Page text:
Synopses & Reviews
As the director of the MIT AgeLab, Joseph Coughlin has studied trends in demographics and technology and spearheaded research and innovation to improve the quality of life for older people and those who care for them. Now, in The Longevity Economy, he uses this expertise to break new ground in understanding this market, which composes an ever-increasing share of the total population.
While companies see the size and wealth of this market, they all too often use outdated narratives to figure out what this demographic really wants. Coughlin debunks conventional wisdom and provides the framing needed to be in sync with this influential and lucrative market. He uses fascinating examples from a wide variety of sectors, from financial services to housing, health care, consumer products, and personal relationships. He showcases the work of companies like PillPack, an online pharmacy that delivers presorted medicine to your home; OXO, which makes ergonomic utensils; and edX, an online learning platform that makes it easy for older people to learn from home.
Coughlin's insights will help businesses connect with older consumers, who continue to defy expectations, contribute to economic growth, and build a better, enduring vision of old age.
Oldness a social construct at odds with reality that constrains how we live after middle age and stifles business thinking on how to best serve a group of consumers, workers, and innovators that is growing larger and wealthier with every passing day.
Over the past two decades, Joseph F. Coughlin has been busting myths about aging with groundbreaking multidisciplinary research into what older people actually want -- not what conventional wisdom suggests they need. In The Longevity Economy, Coughlin provides the framing and insight business leaders need to serve the growing older market: a vast, diverse group of consumers representing every possible level of health and wealth, worth about $8 trillion in the United States alone and climbing.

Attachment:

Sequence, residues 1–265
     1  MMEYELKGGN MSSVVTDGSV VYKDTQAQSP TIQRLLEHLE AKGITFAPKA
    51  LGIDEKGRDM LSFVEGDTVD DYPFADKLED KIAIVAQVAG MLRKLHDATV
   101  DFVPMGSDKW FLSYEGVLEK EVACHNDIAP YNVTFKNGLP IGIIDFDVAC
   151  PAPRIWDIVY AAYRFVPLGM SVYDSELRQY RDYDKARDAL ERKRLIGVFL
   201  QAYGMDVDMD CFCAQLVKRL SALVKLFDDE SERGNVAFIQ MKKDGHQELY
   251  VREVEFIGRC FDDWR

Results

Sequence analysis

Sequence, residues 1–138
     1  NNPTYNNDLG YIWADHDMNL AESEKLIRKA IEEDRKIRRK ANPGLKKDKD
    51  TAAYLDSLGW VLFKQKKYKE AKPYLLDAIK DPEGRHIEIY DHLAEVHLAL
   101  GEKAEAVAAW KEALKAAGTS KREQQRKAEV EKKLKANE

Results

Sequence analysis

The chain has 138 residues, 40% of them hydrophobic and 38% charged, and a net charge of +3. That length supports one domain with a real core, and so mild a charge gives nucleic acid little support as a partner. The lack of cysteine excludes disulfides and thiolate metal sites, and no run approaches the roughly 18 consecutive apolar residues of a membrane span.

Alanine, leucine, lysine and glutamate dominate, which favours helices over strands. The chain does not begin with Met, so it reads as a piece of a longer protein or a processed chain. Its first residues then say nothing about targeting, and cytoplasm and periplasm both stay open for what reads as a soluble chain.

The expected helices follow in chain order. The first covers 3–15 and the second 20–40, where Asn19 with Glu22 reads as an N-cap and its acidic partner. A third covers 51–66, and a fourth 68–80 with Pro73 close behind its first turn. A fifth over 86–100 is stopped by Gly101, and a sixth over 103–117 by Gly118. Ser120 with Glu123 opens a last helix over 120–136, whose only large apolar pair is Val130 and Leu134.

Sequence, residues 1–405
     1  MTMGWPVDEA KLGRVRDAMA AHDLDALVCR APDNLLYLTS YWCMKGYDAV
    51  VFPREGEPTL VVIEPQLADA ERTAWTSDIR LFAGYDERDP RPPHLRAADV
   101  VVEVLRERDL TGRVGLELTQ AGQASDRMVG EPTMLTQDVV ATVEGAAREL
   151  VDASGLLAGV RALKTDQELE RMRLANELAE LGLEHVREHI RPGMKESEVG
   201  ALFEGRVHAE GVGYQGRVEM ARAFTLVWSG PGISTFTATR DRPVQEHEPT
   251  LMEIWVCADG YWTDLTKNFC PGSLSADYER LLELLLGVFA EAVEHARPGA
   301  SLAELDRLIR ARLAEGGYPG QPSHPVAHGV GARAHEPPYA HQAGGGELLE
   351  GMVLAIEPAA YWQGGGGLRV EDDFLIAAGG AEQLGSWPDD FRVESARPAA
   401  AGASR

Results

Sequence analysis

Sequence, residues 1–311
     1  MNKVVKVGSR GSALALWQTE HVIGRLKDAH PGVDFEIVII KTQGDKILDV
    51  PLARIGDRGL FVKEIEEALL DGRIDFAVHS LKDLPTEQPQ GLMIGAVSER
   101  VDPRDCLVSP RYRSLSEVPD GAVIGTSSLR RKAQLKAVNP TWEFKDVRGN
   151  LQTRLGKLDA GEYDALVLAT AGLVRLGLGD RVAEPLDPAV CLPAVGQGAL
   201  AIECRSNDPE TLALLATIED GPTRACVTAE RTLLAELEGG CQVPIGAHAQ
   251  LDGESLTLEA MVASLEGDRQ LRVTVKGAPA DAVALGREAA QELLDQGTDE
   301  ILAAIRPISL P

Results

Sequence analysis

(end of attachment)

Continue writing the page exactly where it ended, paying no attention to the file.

Coughlin provides deep insight into a population that consistently defies expectations: people who, through their continued personal and professional ambition, desire for experience, and quest for self-actualization, are building a striking, unheralded vision of longer life that very few in business fully understand. His focus on women -- they outnumber men, control household spending and finances, and are leading the charge toward tomorrow's creative new narrative of later life -- is especially illuminating.
Coughlin pinpoints the gap between myth and reality and then shows businesses how to bridge it. As the demographics of global aging transform and accelerate, it is now critical to build a new understanding of the shifting physiological, cognitive, social, family, and psychological realities of the longevity economy.